We are already quite good at creating many things we want in our lives, but have we achieved the diversity of friends and associates that we want?
I don’t think so.
What stands in our way?
There is nothing wrong with comfort and contentment. In fact, I am a fan of both. There is a sweet-spot of room temperature for many of us. For me that is about 71 degrees Fahrenheit. Too much higher and I feel uncomfortably warm; too much lower and I feel chilly. I can certainly survive at 65 degrees, but I will look for a jacket or sweater, scan the walls for a thermostat, and even complain. In at least two places I have worked, I introduced room temperature into departmental meeting agendas. The point is that I like my creature comforts and advocate to get them met. I have the opinion that most of us do. Affluent people may associate isolation or distance with comfort and advocate for zoning law changes that allow for higher walls or remotely controlled gates. People with far fewer financial resources may cut coupons for a favored toilet paper.
We will advocate for even our smallest comforts to achieve some level of contentment.
Still, I believe most of us are not content with our circle of friends and associates. I argue that we are more likely resigned. The comfort we experience with the status of our friendships is one of convenience and familiarity, the ease that comes with years of investment. Closer inspection, however, suggests to me that these circles have openings we don’t know how to fill, and we give up trying or we wait for the unlikely to happen. Some of us take a position of parallel play, working or socializing near the people we really want in our lives instead of with them. We adopt a level of contentment akin to my 68 degree room – we can live with it.
The development of community relies in part on the ability of its members to forge social relationships with each other. By social, I mean those relationships in with we engage, share meaning, regularly interact through some level of agreement, and develop over time a scheme of interaction of sorts through which mutuality is forged.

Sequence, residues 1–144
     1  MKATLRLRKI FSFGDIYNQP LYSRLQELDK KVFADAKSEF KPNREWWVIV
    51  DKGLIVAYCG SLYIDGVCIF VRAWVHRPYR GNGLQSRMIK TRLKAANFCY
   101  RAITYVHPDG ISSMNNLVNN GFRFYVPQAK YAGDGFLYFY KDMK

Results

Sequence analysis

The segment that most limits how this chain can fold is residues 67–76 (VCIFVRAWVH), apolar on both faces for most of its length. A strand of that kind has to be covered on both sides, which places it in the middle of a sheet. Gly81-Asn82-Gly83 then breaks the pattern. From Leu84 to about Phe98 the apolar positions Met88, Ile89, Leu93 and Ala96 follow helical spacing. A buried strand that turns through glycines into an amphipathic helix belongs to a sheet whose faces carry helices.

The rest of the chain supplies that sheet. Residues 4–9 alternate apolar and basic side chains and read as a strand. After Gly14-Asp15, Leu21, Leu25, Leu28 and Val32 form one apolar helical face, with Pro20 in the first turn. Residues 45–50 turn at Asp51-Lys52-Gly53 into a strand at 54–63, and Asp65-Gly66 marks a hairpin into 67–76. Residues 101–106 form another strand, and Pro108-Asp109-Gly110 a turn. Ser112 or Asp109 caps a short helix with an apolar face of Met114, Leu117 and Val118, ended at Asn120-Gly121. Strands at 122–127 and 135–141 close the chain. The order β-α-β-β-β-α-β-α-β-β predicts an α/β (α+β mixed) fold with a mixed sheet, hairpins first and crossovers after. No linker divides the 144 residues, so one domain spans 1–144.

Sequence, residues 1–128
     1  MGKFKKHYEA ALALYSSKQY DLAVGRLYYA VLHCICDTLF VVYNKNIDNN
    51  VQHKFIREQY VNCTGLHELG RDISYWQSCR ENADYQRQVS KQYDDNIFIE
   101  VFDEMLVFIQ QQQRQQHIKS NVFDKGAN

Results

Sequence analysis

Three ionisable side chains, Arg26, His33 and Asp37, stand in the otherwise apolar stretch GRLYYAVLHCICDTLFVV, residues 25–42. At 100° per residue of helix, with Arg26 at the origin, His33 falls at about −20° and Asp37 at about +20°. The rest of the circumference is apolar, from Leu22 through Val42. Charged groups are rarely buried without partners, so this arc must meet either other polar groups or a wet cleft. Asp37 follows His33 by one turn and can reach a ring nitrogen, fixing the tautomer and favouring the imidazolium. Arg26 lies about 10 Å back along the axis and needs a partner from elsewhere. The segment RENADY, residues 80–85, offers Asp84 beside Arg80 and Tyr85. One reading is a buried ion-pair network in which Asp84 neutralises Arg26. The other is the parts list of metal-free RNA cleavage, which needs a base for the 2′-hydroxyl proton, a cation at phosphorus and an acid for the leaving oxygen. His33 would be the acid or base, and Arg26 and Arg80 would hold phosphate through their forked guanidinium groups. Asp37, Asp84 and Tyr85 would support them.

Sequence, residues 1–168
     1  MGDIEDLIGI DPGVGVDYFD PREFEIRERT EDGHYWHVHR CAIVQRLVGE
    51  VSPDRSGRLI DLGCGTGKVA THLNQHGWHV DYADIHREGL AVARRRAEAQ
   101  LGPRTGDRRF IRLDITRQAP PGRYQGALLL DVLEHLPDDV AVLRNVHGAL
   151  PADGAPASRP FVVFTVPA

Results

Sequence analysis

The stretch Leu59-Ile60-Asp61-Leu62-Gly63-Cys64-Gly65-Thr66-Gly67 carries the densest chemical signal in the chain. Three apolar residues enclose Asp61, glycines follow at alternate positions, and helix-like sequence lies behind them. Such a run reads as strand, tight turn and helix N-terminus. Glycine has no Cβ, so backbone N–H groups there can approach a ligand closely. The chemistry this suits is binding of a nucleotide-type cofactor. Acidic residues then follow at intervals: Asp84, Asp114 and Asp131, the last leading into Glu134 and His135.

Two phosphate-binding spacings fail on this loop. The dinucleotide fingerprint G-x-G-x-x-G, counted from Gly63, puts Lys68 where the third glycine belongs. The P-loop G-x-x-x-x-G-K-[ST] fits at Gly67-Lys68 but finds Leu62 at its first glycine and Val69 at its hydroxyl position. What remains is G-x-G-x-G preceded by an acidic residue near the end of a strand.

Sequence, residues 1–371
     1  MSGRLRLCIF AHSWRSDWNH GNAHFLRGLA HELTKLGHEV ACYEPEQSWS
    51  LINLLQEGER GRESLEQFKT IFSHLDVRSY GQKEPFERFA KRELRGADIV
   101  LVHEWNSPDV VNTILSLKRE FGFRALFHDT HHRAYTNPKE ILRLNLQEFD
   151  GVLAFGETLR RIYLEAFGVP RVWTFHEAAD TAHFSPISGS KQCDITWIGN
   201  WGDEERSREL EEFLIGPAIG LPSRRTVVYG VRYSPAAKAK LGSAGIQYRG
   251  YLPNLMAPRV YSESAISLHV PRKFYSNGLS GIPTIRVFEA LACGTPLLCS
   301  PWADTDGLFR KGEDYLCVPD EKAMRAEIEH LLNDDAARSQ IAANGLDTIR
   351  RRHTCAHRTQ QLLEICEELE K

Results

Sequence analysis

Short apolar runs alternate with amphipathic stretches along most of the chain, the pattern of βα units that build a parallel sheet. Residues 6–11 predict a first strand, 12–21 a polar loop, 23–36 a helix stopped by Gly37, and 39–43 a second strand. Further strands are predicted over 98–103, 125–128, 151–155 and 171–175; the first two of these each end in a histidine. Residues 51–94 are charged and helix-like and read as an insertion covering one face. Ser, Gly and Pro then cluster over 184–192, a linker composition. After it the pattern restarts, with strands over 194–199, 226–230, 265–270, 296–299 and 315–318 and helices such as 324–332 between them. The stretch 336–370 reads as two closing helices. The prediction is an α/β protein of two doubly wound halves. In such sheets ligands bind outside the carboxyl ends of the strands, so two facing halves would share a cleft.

I have checked out with quite a few people my argument that we are resigned to the status of our circles of friends and associates. I ask, “Does your network of friends and associates look like you want it to?” Despite some initial responses that reflect surprise or defensiveness about my question, more often than not I hear people point to some improvements they’d like. Fewer will say they don’t want current members of their groups to stick around. Rather, they share that they lack the time or skills to add and retain more and different people in their circle.
In the fewer times when I check on the racial and ethnic or age group or gender composition of their friends, answers are more varied but, overall, I hear that there is a less than satisfying resolution of inclusion. Even people whose networks are quite varied share that associates who are dissimilar to the rest of their posse are engaged in one-on-one rather than in smaller group settings. It seems we just don’t believe we have the social skills to resolve this. I believe we are waiting for someone else to adjust the temperature in our communities.
Friends of mine in Chicago, Madison, Milwaukee, and Appleton are taking on the challenge of creating more deeply satisfying community for themselves. Their circles of associates outside of family relationships are very diverse in age, race, gender, sexual orientation, and education. They are challenging their comfort with the status quo by envisioning what they want and going for it. It looks to me like they are doing less about addressing how they can recruit people into their lives and more about getting out of the way of those people who want into their lives.
I cannot say that my friends will achieve the contentment that comes with getting things just right, but I suspect that they will find the joy of having tried.